Summerlands 2019 Garners Mixed Reactions
By Stephanie Osborne
Under the light of a bright moon, UCI students danced their post-midterm stresses away to contemporary R&B, EDM, and remixes of popular songs at UCI’s annual spring music festival, Summerlands. The Summerlands buzz has been building for months. Who did ASUCI get this year? Can last year’s Madeon be topped? Will Summerlands be as ill-fated as fall quarter’s Shocktoberfest? Summerlands was fighting against its inherited bad reputation from catastrophic Shocktoberfest incidents. From not releasing the full lineup until the day of, to diverting marketing to the side attractions, Summerlands seemed doomed to flop, as if it were to be UCI’s rendition of Fyre Festival.
The festival only took up a fraction of Aldrich Park, and featured various activities like caricatures, airbrushed tattoos, a beer garden with inflatable beer pong, giant versions of Jenga and Connect Four, and photobooths. Many students snagged free Summerlands merchandise, which included fanny packs, drawstring bags, stickers, and bandanas. If games and merchandise weren’t appealing enough, attendees could also make flower crowns, “kandi” jewelry, or bedazzle their face with glitter and plastic gems to perfect their festival look. Some may have thought that all of these different attractions were childish and marketed more than the artists, but the crowds formed lines at many of them anyways, making them their first stop of the night.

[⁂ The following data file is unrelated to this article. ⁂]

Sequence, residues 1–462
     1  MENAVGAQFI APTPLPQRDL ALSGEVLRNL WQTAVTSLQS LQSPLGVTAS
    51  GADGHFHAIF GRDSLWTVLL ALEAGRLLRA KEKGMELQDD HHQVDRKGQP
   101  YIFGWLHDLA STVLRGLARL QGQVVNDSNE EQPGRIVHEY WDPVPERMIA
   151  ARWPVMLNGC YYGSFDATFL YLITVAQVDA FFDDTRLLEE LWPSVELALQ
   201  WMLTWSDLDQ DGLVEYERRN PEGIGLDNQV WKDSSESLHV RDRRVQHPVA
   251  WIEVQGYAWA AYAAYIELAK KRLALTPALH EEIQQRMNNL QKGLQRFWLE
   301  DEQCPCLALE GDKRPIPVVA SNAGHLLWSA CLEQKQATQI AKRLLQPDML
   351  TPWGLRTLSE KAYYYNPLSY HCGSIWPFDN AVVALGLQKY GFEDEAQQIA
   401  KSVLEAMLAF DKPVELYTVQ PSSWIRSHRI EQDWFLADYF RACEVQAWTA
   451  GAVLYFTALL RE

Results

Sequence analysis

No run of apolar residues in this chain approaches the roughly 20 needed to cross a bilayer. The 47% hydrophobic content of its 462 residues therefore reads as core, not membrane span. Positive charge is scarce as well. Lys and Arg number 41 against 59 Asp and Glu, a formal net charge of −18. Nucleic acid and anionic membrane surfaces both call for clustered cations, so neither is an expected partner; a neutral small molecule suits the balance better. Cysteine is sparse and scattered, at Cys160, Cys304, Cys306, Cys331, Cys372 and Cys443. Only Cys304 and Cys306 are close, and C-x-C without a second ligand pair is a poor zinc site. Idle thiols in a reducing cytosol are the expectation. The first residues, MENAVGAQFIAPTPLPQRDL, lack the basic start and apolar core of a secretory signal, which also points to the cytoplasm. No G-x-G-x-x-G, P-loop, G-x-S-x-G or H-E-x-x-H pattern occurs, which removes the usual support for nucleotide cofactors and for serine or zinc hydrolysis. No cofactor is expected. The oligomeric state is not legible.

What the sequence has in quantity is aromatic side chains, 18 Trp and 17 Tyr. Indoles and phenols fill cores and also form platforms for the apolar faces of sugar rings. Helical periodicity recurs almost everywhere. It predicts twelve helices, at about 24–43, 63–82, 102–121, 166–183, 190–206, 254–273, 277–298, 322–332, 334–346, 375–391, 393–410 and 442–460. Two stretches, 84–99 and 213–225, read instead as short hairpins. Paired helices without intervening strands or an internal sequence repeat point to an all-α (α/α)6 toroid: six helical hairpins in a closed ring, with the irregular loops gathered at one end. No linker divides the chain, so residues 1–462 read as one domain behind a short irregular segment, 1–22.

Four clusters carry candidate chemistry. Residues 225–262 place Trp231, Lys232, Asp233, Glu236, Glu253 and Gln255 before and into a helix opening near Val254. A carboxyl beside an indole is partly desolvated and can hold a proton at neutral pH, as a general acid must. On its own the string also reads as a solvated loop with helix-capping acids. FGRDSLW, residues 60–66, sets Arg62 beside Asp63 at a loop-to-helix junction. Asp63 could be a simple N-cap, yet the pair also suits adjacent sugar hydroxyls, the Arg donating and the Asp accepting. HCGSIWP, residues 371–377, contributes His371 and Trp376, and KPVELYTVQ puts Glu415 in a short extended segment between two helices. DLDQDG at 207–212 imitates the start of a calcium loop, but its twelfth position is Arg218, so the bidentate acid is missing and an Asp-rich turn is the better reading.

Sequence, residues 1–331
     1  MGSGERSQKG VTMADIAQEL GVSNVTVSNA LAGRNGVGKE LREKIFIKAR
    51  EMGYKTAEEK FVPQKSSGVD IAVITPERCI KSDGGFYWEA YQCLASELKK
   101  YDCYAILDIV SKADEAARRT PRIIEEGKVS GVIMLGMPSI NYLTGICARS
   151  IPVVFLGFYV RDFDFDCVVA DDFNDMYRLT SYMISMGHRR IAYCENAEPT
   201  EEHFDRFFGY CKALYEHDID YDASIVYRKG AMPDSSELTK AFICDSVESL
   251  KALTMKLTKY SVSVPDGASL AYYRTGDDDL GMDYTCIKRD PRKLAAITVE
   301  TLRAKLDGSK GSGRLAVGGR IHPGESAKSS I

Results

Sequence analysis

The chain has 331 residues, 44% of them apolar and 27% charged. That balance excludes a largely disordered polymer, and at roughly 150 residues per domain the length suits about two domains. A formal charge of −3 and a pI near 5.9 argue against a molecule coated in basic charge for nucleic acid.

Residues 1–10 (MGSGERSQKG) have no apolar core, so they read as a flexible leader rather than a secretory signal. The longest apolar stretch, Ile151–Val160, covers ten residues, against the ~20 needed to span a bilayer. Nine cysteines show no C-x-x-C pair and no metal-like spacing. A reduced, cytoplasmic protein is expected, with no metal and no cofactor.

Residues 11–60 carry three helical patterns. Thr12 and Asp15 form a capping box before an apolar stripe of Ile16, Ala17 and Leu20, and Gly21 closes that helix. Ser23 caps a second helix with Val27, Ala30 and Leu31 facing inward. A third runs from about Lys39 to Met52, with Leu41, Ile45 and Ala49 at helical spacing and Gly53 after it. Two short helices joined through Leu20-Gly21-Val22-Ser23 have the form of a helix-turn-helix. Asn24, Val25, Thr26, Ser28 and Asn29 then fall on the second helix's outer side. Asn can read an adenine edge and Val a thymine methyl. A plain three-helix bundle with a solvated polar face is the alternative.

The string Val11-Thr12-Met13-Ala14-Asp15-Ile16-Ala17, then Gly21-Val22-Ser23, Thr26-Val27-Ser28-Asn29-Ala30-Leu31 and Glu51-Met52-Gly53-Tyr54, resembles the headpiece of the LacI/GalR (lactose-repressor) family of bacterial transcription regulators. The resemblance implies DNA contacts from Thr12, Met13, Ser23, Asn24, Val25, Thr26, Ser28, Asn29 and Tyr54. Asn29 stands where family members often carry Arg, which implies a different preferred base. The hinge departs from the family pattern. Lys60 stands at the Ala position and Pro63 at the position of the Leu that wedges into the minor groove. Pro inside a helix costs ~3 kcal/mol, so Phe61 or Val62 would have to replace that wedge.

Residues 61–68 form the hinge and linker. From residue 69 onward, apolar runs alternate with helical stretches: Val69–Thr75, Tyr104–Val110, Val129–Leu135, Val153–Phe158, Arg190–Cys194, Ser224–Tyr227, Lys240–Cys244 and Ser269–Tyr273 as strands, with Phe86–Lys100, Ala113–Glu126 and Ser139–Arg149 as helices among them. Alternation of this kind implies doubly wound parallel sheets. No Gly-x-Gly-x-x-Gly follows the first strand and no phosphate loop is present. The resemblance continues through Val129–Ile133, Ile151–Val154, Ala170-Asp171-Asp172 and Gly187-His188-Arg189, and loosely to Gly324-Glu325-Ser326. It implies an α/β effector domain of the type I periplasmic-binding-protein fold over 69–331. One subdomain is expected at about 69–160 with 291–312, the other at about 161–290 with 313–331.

Whether to build anticipation or to avoid a dangerous overhype, the full lineup of Summerlands was not released until hours before the event. Ayokay opened, Gallant midlined, and Masego headlined this year’s festival, but did they live up to the anticipation? They may not be mainstream performers, but they did have some recognition among Summerlands’ audience.
“The lineup was great, and I appreciated the exposure of some unexpected artists. The headliner Masego has been on my radar, but after seeing his freestyle and creative impromptu set, I know I’ve got to watch him live again!” said Nina Federizo, a graduating fourth year.
Ayokay’s opening set created a calm atmosphere with his EDM-infused, slow tempo pop, along with remixes and electric beats. While most of his songs were electronic with remixed samples, some were calming and rhythmic. “Swing Swing” was uplifting and catchy, allowing for an easy sing-along. Summerlands was his first time in the OC, but he was still very humble and down to earth. “Queen” drew in more of a crowd, as it was another one of his well-known songs. Ayokay’s music is a mix of pop, EDM, and electronica: a recipe for potential success. On Friday, it set the tone of Summerlands.